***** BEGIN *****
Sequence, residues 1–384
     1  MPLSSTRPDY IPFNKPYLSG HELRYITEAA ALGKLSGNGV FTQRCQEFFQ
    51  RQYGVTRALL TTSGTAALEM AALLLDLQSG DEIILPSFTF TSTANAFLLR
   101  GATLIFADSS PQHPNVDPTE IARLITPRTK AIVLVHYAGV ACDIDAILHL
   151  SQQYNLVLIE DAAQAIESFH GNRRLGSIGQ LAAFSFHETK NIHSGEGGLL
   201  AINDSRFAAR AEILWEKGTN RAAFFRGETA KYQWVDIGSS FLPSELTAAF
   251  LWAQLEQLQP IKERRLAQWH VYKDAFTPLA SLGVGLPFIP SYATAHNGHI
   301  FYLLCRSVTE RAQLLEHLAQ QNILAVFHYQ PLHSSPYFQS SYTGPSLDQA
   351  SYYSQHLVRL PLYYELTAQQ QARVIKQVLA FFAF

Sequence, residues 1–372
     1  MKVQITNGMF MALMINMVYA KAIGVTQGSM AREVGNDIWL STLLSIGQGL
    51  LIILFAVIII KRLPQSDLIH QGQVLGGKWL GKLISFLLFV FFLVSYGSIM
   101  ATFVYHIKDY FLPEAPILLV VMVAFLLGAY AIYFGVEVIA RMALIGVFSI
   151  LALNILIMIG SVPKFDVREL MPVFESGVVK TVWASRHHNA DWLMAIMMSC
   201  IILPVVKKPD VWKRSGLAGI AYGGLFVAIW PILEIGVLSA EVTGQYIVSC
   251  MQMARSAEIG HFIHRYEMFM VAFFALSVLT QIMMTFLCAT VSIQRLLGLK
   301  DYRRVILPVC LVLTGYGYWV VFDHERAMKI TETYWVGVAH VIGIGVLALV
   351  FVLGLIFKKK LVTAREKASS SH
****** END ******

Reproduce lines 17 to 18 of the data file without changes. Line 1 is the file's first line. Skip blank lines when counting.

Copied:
   301  DYRRVILPVC LVLTGYGYWV VFDHERAMKI TETYWVGVAH VIGIGVLALV
   351  FVLGLIFKKK LVTAREKASS SH